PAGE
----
I took a car trip yesterday. The errands I had to run took me in a particular direction, so I decided ahead of time to make a day trip of it. Honestly, I needed a dose of river, and sometimes only one will do the trick.
The journey gave me the opportunity to visit five different music stores, all of them for the first time. None were chain or franchise stores; they were all independent. I was struck by the five different experiences that I had.
The first shop I hit was a museum to the owner, even though he’s still in the store every day. Each space on the wall between the various hanging instruments was occupied by a picture of the owner with this or that famous person. The selection was not great, but I received an invitation to “play anything I like,” which I did. After that I was not spoken to again.
The second place I stopped was a shop that I will definitely visit again. It’s within an hour’s drive of my house, and they have a nice selection of good quality instruments. Again, I was welcome to play anything they had in the store, but this time I was able to have conversation as well. The fellow that was working was interested in my playing and how I learned to play thumbstyle.
We talked about the guitars and some of the other folks that visit the store. We talked about what it was like to work there. He said I should come back sometime when the owner was there. As I was leaving, he had to take a phone call but asked another guy who was working there to give me directions to my next planned stop. I left feeling like he was sincerely glad I’d dropped in.
At the third store, I was completely and totally ignored. There were high walls–six feet, still above my eye level–along the side of the raised counter area next to the door. The only person who was in the store was behind the counter on the other side of the tall barrier with his eyes glued to whatever was on his computer screen. He seemed completely oblivious to the fact that anyone had come in.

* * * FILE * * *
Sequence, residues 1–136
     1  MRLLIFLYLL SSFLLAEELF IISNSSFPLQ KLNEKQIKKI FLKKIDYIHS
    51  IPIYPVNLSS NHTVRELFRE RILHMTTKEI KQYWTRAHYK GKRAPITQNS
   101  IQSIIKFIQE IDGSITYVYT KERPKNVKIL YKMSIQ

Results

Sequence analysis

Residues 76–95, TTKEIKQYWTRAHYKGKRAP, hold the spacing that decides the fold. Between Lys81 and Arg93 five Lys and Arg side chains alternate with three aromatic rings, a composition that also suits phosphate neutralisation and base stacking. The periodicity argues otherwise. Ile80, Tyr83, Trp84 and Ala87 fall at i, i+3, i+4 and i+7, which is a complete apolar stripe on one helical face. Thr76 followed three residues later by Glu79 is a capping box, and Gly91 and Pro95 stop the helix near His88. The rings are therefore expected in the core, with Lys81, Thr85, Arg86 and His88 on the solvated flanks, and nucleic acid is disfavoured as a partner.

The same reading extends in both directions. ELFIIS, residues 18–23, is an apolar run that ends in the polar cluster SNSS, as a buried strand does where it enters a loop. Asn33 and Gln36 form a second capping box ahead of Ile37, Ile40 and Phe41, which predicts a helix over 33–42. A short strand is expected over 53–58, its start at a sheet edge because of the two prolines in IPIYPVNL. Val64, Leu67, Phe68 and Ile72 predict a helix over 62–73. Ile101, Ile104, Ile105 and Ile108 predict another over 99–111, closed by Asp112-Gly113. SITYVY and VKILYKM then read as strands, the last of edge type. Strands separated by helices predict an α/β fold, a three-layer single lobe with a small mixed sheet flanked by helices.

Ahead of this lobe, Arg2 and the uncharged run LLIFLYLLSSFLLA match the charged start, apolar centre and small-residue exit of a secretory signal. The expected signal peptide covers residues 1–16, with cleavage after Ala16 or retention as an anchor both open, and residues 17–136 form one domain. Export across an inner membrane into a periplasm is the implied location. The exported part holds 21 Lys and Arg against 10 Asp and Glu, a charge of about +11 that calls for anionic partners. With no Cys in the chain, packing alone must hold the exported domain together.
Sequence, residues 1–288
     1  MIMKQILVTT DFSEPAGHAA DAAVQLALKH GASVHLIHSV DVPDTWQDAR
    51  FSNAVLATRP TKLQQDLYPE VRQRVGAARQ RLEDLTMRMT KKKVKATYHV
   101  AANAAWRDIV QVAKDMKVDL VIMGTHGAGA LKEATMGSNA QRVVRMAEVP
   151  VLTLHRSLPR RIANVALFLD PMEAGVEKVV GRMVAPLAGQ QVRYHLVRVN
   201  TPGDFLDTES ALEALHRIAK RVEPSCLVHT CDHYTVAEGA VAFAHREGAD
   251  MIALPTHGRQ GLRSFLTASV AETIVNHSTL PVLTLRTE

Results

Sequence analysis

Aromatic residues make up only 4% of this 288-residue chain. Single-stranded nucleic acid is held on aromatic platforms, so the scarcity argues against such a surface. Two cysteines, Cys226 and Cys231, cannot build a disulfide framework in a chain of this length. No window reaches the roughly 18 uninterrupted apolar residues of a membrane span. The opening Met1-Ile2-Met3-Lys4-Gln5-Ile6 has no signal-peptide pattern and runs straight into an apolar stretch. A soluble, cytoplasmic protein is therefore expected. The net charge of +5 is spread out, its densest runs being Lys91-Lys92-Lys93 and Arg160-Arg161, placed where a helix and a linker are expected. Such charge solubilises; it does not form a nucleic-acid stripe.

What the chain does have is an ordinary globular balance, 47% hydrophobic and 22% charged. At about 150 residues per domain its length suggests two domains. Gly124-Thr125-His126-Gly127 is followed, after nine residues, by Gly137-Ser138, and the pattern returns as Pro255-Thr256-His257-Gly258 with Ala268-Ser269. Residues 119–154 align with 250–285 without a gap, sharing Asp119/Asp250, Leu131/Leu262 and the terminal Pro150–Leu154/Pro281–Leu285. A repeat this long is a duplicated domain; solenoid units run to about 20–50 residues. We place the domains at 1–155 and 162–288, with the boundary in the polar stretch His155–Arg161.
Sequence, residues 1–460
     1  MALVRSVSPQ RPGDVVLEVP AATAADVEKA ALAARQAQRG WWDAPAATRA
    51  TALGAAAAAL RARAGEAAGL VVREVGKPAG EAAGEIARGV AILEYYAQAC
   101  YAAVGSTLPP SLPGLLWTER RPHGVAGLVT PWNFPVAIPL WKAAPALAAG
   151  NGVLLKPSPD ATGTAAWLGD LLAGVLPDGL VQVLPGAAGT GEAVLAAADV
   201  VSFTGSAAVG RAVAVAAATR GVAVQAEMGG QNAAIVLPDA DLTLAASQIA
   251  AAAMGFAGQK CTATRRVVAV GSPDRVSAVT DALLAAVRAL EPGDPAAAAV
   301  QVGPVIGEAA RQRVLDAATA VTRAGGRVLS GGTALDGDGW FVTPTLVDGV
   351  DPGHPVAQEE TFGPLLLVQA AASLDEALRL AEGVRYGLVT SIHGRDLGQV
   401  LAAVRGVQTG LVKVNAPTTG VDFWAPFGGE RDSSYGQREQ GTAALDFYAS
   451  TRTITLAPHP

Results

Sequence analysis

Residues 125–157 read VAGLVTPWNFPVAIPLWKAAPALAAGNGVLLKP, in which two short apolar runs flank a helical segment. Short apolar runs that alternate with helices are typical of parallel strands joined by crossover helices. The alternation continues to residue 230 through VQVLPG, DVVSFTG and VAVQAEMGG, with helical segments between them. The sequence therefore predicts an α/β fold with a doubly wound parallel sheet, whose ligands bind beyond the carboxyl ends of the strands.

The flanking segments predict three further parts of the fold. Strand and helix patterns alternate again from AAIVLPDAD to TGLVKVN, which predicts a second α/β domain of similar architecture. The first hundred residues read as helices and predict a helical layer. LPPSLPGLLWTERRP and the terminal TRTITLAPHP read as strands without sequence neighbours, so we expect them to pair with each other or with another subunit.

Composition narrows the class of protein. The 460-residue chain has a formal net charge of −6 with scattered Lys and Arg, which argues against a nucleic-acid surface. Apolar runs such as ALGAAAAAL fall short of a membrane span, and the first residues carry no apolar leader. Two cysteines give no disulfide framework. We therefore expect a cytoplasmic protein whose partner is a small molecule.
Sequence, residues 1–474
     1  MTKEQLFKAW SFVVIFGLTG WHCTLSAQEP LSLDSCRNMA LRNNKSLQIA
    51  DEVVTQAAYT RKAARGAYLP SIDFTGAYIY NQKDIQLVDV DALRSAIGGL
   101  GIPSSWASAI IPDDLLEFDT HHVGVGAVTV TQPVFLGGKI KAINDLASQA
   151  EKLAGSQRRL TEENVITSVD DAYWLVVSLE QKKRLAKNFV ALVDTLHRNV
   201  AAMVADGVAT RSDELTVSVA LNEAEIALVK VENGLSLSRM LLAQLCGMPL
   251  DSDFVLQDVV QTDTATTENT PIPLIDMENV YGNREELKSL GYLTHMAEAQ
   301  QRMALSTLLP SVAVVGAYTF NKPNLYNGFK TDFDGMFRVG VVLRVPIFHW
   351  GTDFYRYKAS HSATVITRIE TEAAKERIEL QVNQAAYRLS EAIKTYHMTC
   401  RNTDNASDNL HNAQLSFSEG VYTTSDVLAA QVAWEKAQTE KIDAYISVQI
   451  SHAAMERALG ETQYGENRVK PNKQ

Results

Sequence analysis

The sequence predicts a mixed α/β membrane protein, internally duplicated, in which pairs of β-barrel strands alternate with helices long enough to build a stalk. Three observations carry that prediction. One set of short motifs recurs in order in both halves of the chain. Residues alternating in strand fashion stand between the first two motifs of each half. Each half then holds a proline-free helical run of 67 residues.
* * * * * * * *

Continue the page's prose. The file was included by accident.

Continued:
The selection of guitars wasn’t great, but I found a Morgan Monroe that looked interesting. So I sat down and played it for ten or fifteen minutes. I think, had I not walked directly up to the counter as I left, that I could have entered, played, left and been completely unnoticed.
I will probably go back to the fourth store sometime, but it takes a couple of hours to drive there. The helter-skelter arrangement and the wide range in the age of the instruments gave the store a bit of a collector’s feel. It took a second entrance to feel at home there. I had already left when I noticed the OC Bear guitar in the window.
After visiting store number five, I stopped back in to ask if I could take the Bear for a spin. They remembered me, and once they realized I could play a little bit and that I had an appreciation for the instruments, it became much easier to make conversation.
If store number four felt ragtag, store number five felt sanitary. Had it not been for the few guitars in the window and on the wall, less than ten altogether, and for the table of music instruction books, it would have been hard to tell that it was a music store at all. The store was so clean and so well arrayed that I was afraid to touch anything, even though the instruments were almost entirely entry level.
It all made for an interesting and entertaining day. It reminded me that the experience of being a stranger and a visitor is always different, and yet in some ways it can be universal.